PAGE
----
The council has so far spent or committed £97,635 of the £300,000 funding, completing survey work and estimates that a further £90,000 will be required for marketing activity, leaving £112,000 for further legal costs and any other requirements
Currently, the site is boarded up with security measures including screening and fencing in place on and around the building.
Finalise the Evening and Night Time Economy Strategy – this is now scheduled for later in the Spring.
Engage the marketing agency – draft and approve marketing materials
Update Cabinet on the marketing materials and the Evening and Night Time Economy and Strategy
Launch marketing activity to identify a commercial partner/operator
Host open days in the Winter Gardens for prospective commercial partners and/or operators
Finalise prospective commercial partners and/or operators questions and the due diligence process
Review proposals for the Winter Gardens, complete due diligence processes
Provide recommendations to Cabinet
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My opinion is that selling the Winter Gardens should not be considered. It is one of Thanet’s most important leisure resources and needs to be protected not “privatised”. It was built with public money and should remain a community asset.
Could not agree with you more, this should ne kept for use by the local community, needs investment and lots of TLC to create a great place to visit and offer entertainment for locals and visitors to the area.
Lots of talent out there that can be tapped into.
It is good to see that if it is potentially leased out it is be be a fully repairing lease.
One would hope that the council will request a security deposit of at least one years rent returned without interest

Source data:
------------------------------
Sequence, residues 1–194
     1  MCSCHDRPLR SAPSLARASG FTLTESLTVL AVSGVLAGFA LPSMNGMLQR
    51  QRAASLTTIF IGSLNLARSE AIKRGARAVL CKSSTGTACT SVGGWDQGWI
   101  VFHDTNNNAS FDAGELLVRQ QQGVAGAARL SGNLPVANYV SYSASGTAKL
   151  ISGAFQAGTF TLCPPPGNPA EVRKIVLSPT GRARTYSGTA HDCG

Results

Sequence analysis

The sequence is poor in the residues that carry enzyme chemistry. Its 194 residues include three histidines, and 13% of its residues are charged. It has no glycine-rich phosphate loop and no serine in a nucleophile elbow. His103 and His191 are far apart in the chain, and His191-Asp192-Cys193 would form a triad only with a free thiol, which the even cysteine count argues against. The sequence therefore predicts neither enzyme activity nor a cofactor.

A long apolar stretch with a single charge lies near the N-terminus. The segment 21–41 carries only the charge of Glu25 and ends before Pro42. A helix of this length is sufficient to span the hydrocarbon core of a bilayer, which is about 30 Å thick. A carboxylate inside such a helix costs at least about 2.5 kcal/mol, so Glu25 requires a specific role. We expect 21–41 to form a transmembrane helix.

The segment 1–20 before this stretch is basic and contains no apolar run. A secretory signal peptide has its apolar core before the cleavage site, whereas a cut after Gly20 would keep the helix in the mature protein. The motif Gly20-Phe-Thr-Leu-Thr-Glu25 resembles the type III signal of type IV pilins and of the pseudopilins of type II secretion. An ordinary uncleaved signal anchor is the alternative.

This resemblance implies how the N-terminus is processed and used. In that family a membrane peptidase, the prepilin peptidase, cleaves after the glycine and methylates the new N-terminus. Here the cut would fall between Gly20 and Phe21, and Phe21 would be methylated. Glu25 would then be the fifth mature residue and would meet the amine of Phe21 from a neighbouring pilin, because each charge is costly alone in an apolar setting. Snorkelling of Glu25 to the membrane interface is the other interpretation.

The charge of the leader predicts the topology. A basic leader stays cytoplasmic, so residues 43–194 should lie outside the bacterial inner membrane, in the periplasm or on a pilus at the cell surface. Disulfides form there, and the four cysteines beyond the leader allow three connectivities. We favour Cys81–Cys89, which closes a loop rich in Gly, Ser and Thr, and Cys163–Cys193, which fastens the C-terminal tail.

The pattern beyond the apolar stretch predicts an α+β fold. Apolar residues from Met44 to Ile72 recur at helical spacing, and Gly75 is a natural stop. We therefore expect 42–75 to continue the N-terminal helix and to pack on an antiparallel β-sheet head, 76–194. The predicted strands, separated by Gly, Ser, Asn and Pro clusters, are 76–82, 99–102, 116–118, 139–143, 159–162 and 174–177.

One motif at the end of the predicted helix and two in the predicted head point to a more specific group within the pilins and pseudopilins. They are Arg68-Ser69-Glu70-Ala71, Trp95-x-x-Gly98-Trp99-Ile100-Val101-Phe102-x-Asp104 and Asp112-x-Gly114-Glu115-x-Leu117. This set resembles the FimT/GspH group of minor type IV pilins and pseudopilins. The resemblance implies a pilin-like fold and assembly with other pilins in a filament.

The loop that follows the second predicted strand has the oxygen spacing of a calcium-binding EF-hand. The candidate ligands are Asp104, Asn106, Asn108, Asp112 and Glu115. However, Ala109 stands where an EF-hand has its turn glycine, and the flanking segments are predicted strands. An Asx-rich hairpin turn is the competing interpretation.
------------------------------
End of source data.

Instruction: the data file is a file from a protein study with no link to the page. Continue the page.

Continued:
That the building should be kept continually up to regulations including fixtures and fittings, with the boiler being serviced annually
That should the leaseholder decide to sell or hand back the lease they will be responsible for the rent until a new leaseholder is approved.
That the building must be decorated every 7 years both internally and externally.-
One would also hope that TDC would not use this security deposit for other purposes
It is the residents of Thanet asset and should not be sold off to the highest bidder.
How would ypu propose the repairing lease would work?
TDC get the building into good shape and the lessee then keeps it in that condition? Will take years and cost money TDC doesn’t have.
Lease it as it is and lessee does as TDC has and does the bate minimum to keep it open?
It’s easy for councillors to spout worthy words , but what do they really mean and how is that meaning to be implemented?
Look at how much was spent rcently on the Turner centre and that was just upgrades to a relatively new building. KCC spending a million to upgrade lighting in the chestfield tunnel. Can anyone see that rewiring the Wintergardens would come in under 2 million? Any guesses onnthe cost of just decorating the place top to bottom? New carpets and flooring through out? Heating system? And all that’s s before the structural and cosmetic repairs. Then add on the running costs for 10 years. The best thing the council can do is give the people that have given the 6.25 million figure the money and hold them to it. It’d be the best deal TDC had ever made.
This building will be sold and turned in to expensive apartments for the rich DFL’s, therefore giving TDC revenue from the site, TDC take the public for mugs as usual.
With the rising cost of materials and labour cost. By the time you get your act together your need 10m plus